3. Do not try to steal the thunder of queer entertainers
There have been far too many times in my life when I’ve been watching a drag show and mid-number the performer is interrupted by a straight girl pulling herself up on stage and trying to join in. You would not do this at a concert or a show at a theatre. The stage may be smaller but the etiquette remains the same, a queer entertainer is not going to take too kindly to having a performance they have worked hard on be intercepted by someone in the audience. It isn’t okay to do this at all.
4. We are not a sideshow to gawk at
Queer spaces are a place where many of us are able to express ourselves in ways we may not feel comfortable to explore in other areas of our life. This can take numerous forms but ultimately queer spaces are a safe zone for LGBTQ+ people to explore different aspects of themselves and dress or behave in ways we may not always feel is safe to do. If you are entering a queer space remember that it is a safe space and unless we are on a stage performing, we are not here for your entertainment. As a gender minority, I have been stared at by straight people all my adult life. This is the the point that I don’t notice anymore when I am out and about. I do however become acutely aware of it when I have been in queer spaces and straight people have been there gawking at me and other LGBTQ+ people. Ultimately it is dehumanising and rude. Yes, I know I look amazing but if you want a closer look buy me a drink and start a conversation.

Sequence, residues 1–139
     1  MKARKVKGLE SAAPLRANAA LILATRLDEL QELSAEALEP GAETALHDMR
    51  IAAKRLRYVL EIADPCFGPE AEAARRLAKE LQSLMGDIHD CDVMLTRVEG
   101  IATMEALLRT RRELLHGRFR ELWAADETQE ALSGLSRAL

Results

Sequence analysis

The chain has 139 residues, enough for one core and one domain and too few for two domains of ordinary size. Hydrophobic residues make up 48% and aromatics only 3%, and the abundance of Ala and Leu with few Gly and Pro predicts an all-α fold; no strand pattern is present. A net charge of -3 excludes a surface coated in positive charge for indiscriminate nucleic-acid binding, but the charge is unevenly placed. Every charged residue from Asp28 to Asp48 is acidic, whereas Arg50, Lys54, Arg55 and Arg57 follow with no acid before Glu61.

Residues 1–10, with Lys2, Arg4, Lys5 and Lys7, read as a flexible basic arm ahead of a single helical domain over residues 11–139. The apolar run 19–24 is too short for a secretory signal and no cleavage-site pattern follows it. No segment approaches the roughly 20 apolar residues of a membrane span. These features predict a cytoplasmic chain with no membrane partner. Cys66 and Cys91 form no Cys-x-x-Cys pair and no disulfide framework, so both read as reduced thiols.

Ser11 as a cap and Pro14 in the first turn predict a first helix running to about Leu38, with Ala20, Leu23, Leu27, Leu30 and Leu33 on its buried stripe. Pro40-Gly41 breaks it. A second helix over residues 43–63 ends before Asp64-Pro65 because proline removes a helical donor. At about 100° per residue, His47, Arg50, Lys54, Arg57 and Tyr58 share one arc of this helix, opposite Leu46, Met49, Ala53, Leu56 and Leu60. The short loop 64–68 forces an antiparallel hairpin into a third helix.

5. Remember to be respectful
As an extension of the last rule, remember to be respectful to others! This means as well as not staring us out, please stop asking us invasive questions. Trans people do not want to be quizzed on the ins and outs of transitioning and where they are at in their own transition. I, for one, do not want to be asked for tips on how to give better blow jobs (yes this has happened SEVERAL times), and no queer couples want to be asked ‘who is the man in the relationship’. Unfortunately these are all things I and LGBTQ+ friends of mine have experienced from straight people in queer spaces. The last thing we want to do is have to explain to you why these questions are disrespectful while we want to have a good time.
6. We may not always want you there